Sask. doctor says he lost sleep over decision to take Ontario job

Saskatoon intensive care physician Dr. Hassan Masri says he has taken a leadership role in Ontario.

"This was one of the hardest decisions I have ever made and I certainly did lose sleep over it," he said in social media posts.

In a response to a comment to his Facebook post, he said that "50% of this decision was indirectly forced upon me by a failed leader like (Premier) Scott Moe. A leader that had the time to call the anti-vaccine and anti-mask mandate leader but never had a chance to listen to my private and public messages and pleas despite endless attempts to speak to him directly and privately."

He said the last straw was Moe and Health Minister Paul Merriman's decision not to fund Prairie Harm Reduction.

"Instead of being in a system that reduces harm and looks out for people I now can watch people overdose and die from the window of my hospital’s ICU. This leader will drain this province of all those who wish to see change. I am not the first to leave and there are many who have left and some who will be leaving silently in the weeks to come."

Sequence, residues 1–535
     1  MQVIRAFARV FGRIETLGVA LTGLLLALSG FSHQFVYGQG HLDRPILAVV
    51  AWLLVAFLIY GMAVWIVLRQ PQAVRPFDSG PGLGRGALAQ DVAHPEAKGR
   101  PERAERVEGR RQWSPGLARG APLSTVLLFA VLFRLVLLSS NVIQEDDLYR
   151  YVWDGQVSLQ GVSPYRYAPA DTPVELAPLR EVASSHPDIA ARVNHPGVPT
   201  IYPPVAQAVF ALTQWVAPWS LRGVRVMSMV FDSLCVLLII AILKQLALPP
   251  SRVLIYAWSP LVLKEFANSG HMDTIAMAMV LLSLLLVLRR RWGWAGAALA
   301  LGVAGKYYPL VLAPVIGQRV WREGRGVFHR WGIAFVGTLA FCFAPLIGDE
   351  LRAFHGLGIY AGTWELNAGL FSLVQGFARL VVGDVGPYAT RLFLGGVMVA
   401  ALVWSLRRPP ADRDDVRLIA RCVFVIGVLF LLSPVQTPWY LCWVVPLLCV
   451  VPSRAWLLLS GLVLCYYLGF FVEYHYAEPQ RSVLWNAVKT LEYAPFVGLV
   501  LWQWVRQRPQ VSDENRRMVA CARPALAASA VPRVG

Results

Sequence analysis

During Question Period at the Legislature, the NDP addressed Masri's decision.

“Does the Premier recognize his choices are chasing away Saskatchewan doctors? We’re losing our best and our brightest,” said NDP Leader Ryan Meili.

Moe recognized Masri's departure and noted the need to fill healthcare openings in the province.

“You need to go beyond just filling those positions and adding additional positions across the board," Moe said.

Masri joins Dr. Kevin Wasko, a former Swift Current emergency department doctor and executive with the Saskatchewan Health Authority who left leaving his senior role to work in Ontario earlier this year.

Wasko said at the time that "there are frustrations when some clinical or medical advice" isn’t implemented by government.

The Saskatchewan Medical Association (SMA) says it’s always regrettable when doctors leave the province.

The SMA conducted an online survey in February which drew almost 400 responses, with nearly 49 per cent saying their mental health was worse than prior to the pandemic and 17 per cent saying it was much worse.

In addition, 54 per cent planned to reduce their clinical hours over the next two years.

“There are clear indications that physicians in the province are tired they're burning out,” SMA President Dr. John Gjevre told CTV News.

“The pandemic has been very stressful on physicians but also the entire population and there is a need for more mental health resources."

Masri says he will continue to work in Saskatchewan but on a much smaller scale.